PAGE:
My view of this is likely based on the fact that I grew up in a Disney household. And I don't mean we all wore Mickey ears. I mean my father has worked for Disney for 30 years. I worked a summer job there. Making tourists happy is what keeps the Central Florida economy afloat. Sometimes, I'll admit, my knee-jerk reaction is to roll my eyes at the big families in the Mickey Ears and matching Family Reunion shirts - but then I remembered that these people spent a lot of money (not to mention their very little vacation time) to come to Disney, perhaps for the only time in their life. I'm not offended if visitors come and only see Disney.
I'm running out of space, so I'm going to wrap up these ramblings with this: Russ, you left out the best quote of the N'stein article. The woman from New Mexico says she thinks of the castle as "a Grimms' Fairytale." The Grimms, Wagner, Ludwig and his madness - all were part of the Romantic Nationalism of the 19th Century. Can you get more German than that? ;-)
Allison, that's the best reply I have seen to just about any post on this forum! Thank you. I am a retired teacher and can relate. You obviously love your job and I'd love to see more instructors like you who are able to unearth the best our students are capable of delivering, especially when they don't realize they are able to do such an assignment successfully. Thank you for posting.
Allison - I agree with Andi! Best forum post ever!!! I'm not very articulate and am so glad you posted such a well thought out response! Thank you!
And don't forget those of us who used to know such things as the date of German unification, or the creation of the nation of Italy, but have forgotten. We appreciate gentle reminders.
I do think that in general, Americans are woefully ignorant of world history: Europe, Asia, and Africa. But that's one of the reasons we travel, to fill in some of the gaps in our knowledge.
Thanks for your reasoned post, Allison.
"Russ, you left out the best quote..."
The Grimm reference was interesting and even inspiring - but unusual... I've never heard it referenced previously in the same breath with N'stein in my many years on this forum - or elsewhere. But the Disney references are the standard "connections" you see on these threads all the time. Teachers (no matter what their detractors have to say about our schools today) like yourself are on average very literate folks in a semi-literate society, and I've no doubt that similar connections interest you and other teachers as well. But folks who visit N'stein with Grimm in mind are probably as scarce as gnomes in the forest.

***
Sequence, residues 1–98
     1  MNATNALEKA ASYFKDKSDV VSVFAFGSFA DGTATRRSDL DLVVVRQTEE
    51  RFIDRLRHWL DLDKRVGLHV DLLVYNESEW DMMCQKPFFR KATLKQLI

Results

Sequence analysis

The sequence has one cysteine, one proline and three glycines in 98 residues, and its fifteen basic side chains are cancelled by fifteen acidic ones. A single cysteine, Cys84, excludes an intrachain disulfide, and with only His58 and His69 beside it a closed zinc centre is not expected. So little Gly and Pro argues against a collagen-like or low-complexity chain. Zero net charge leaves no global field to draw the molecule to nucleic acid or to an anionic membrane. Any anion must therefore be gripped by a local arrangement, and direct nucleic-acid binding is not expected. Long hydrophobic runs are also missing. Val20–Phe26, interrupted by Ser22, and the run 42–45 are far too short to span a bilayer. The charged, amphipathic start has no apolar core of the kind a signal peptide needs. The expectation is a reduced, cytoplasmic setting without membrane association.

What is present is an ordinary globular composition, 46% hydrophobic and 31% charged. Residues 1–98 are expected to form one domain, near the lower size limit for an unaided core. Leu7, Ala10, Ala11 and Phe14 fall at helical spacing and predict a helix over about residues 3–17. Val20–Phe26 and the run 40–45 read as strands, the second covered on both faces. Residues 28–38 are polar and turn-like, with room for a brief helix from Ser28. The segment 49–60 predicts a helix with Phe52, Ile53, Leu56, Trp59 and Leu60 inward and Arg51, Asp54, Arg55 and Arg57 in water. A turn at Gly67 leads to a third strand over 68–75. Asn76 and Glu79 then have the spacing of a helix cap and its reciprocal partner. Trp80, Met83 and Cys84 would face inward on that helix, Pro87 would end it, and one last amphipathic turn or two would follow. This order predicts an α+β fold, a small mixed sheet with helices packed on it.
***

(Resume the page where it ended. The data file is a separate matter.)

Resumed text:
It wasn't a surprise when I discovered via google that Bobbie Zemanek (the "Grimm fan" in the article) has served as a teacher and a school principal, just BTW. That said, I have to wonder whether that actually figured into her decision to go there. Educators often know how to provide the "right" answers and say things just the right way so as not to appear less than well-educated. They aren't Jay Leno on-the-street interviewees!
Maybe Wagner fans are drawn to N'stein too. I've never met or heard of one myself. I've never known of "Ring" fans to visit the Worms Nibelungen Museum either, but there probably are one or two.
Anyway, I cited those quotes I cited not to chide Americans, only to show there's a reason for the advice I tend to give about N'stein. I just think it's healthy for individuals to consider WHY they (and others) may have chosen to see N'stein (other than the need to follow instructions.)
Whether it is a WW2 topic or not, I would give these students bibliographical assistance so that they can proceed with doing some real research.
Another Floridian here. We did Bavaria in 2014 because one of the rules for our long vacations is 'There Shall Be Mountains' (When the highest point in the state is something like 250 feet above sea level, and you want geology that's really different than yet another perfect beach...) and it was like, hey the Alps are pretty and there are probably good nature walks, and prices would probably be reasonable and we are going to rent a darn car so the Spousal Unit can drive a proper German luxury sedan down some unlimited stretches of the autobahn... (Don't worry, we dropped if off when we got back to Munich and bahn'ed from there to Paris)
People all have different perspectives and desires for a vacation; I enjoy the camraderie here but do feel like there can be a little bit of groupthink at times so might get a little loud in my love of checked bags, rental cars when they make sense in rural and suburban areas, and chain hotels in flavors not much available in North America. I mean if you want to meet real Germans, you'll find them in the Lounger of a Motel One. Same goes for the French people at the bar of the Ibis. You can have authenticity and air con and free wifi. They're not mutually exclusive. (But then Florida tend to mess with your perception of what real more than a bit, so maybe I am an unreliable narrator)